Thursday, 23 January 2020

Theatre review: Scenes with Girls

With #MeToo, #TimesUp and other related hashtags popular themes in new plays over the last few years, there's no question theatre has engaged with the fact that women's position in society is long overdue a shake-up. But Miriam Battye's Scenes with Girls deals with the tricky question of just how easy it'll be to figure out what that new position is. For two best friends since high school, and now flatmates, it's all about taking the language and ideas of feminist forums and applying them directly to their own lives, but they've got very different interpretations of this: Lou (Rebekah Murrell) isn't interested in a relationship with a man but wants to have sex with a lot of them without feeling slut-shamed about it; she treats it like a man stereotypically would, proudly tallying up the number of her sexual conquests. (She has considered a relationship with a woman in theory, but is worried she'd be so prone to letting her have her way out of feminist solidarity that she'd become a doormat.)

Tosh (Tanya Reynolds) on the other hand hasn't slept with anyone for years (if ever.) Just like Lou is framing what she wanted to do anyway in terms of her politics, so Tosh - known as "Fridge," for "frigid" when they were at school - is couching her sexual repression in terms of empowerment, so she doesn't have to think too much about the feelings she's suppressing.

As the title suggests Scenes with Girls is made up of relatively short, punchy scenes between the two, as they catch up and talk, almost entirely about sex and men, while affirming their feminist credentials. Just how insular their relationship has become is apparent once their friend and former flatmate Fran (Letty Thomas) visits, and their inside jokes and finishing of each other's sentences leave her very much on the outside; when Fran reveals she's getting married, it casts her out even further in their eyes. Tosh in particular starts to show undisguised hostility, and as it becomes apparent how clingy and possessive she's become towards Lou, their friendship starts to look every bit as toxic as a romantic relationship gone wrong.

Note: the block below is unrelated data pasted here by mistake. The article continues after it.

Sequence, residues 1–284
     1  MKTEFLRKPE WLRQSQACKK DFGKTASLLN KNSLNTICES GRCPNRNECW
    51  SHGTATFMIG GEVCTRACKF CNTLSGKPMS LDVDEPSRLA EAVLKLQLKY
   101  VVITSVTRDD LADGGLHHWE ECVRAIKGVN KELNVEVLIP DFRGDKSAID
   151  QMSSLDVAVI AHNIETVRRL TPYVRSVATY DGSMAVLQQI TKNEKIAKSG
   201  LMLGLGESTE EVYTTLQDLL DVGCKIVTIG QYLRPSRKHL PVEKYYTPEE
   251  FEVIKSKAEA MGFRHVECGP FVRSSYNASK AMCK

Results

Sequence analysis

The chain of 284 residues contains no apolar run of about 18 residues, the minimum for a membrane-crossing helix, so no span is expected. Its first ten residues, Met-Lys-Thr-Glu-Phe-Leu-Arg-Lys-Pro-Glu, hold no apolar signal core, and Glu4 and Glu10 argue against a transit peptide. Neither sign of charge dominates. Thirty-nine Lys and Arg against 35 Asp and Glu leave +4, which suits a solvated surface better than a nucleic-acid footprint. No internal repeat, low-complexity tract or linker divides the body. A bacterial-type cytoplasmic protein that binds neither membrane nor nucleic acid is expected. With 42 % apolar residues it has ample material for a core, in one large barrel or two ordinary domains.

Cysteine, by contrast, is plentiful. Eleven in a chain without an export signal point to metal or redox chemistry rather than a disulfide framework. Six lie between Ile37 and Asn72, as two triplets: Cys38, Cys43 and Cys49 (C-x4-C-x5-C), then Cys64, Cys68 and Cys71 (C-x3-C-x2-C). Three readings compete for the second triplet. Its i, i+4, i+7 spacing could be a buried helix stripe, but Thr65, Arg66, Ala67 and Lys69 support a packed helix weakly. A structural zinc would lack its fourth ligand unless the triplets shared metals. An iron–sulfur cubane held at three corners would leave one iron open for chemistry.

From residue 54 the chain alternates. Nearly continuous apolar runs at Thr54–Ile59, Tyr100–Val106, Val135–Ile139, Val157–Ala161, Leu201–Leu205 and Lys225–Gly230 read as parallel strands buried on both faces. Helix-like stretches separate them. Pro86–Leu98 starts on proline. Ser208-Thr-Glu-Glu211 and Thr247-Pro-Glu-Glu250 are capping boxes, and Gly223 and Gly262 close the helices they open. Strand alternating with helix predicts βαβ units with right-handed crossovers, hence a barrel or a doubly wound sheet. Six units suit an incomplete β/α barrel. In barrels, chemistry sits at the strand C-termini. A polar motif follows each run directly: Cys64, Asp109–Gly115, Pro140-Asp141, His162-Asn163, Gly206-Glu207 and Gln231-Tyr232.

Lucy Morrison's production races through the scenes, giving the play a snappy energy that really helps bring the more comic early scenes to life, although the women's attempts to bring the academic language of their favourite forums into real life did leave me wondering what they were talking about some of the time (which admittedly, is probably the point.) Naomi Dawson's in-the-round set brings to mind a swimming pool, if swimming pools were carpeted - it serves as an apt setting for the central relationship which is at the same time comforting and combative.

This is a piece about young, heterosexual women, and as none of those things it's probably not surprising if I didn't quite connect with it (certainly the women sitting next to me laughed a lot at the snarky references to rom-coms, half of which I'd never even heard of, let alone seen.) On the other hand it also turns out that while I was watching this I was starting to come down with a cold that's left me slightly feverish and disorientated for a couple of days, so I probably wasn't quite as entirely in the room as I would have liked. I also found it a lot sadder than the blurb had led me to expect; it ended up being one of those shows whose cleverness I can appreciate, without it really clicking with me.

Scenes with Girls by Miriam Battye is booking until the 22nd of February at the Royal Court's Jerwood Theatre Upstairs.

Running time: 1 hour 25 minutes straight through.

Photo credit: Helen Murray.

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